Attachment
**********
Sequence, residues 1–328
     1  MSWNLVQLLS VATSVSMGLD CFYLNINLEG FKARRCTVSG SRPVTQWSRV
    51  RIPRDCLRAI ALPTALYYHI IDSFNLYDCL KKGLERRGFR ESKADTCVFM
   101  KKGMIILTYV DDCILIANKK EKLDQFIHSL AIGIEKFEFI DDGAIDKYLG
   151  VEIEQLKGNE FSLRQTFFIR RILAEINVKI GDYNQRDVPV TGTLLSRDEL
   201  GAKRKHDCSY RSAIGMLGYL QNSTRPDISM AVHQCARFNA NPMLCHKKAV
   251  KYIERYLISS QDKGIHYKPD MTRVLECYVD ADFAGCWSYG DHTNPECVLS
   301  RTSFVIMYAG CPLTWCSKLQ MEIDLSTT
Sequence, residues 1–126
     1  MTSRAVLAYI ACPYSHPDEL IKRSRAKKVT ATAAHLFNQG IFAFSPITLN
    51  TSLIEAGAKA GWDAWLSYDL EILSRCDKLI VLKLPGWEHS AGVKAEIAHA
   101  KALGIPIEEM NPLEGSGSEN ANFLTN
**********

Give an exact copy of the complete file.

Sequence, residues 1–328
     1  MSWNLVQLLS VATSVSMGLD CFYLNINLEG FKARRCTVSG SRPVTQWSRV
    51  RIPRDCLRAI ALPTALYYHI IDSFNLYDCL KKGLERRGFR ESKADTCVFM
   101  KKGMIILTYV DDCILIANKK EKLDQFIHSL AIGIEKFEFI DDGAIDKYLG
   151  VEIEQLKGNE FSLRQTFFIR RILAEINVKI GDYNQRDVPV TGTLLSRDEL
   201  GAKRKHDCSY RSAIGMLGYL QNSTRPDISM AVHQCARFNA NPMLCHKKAV
   251  KYIERYLISS QDKGIHYKPD MTRVLECYVD ADFAGCWSYG DHTNPECVLS
   301  RTSFVIMYAG CPLTWCSKLQ MEIDLSTT
Sequence, residues 1–126
     1  MTSRAVLAYI ACPYSHPDEL IKRSRAKKVT ATAAHLFNQG IFAFSPITLN
    51  TSLIEAGAKA GWDAWLSYDL EILSRCDKLI VLKLPGWEHS AGVKAEIAHA
   101  KALGIPIEEM NPLEGSGSEN ANFLTN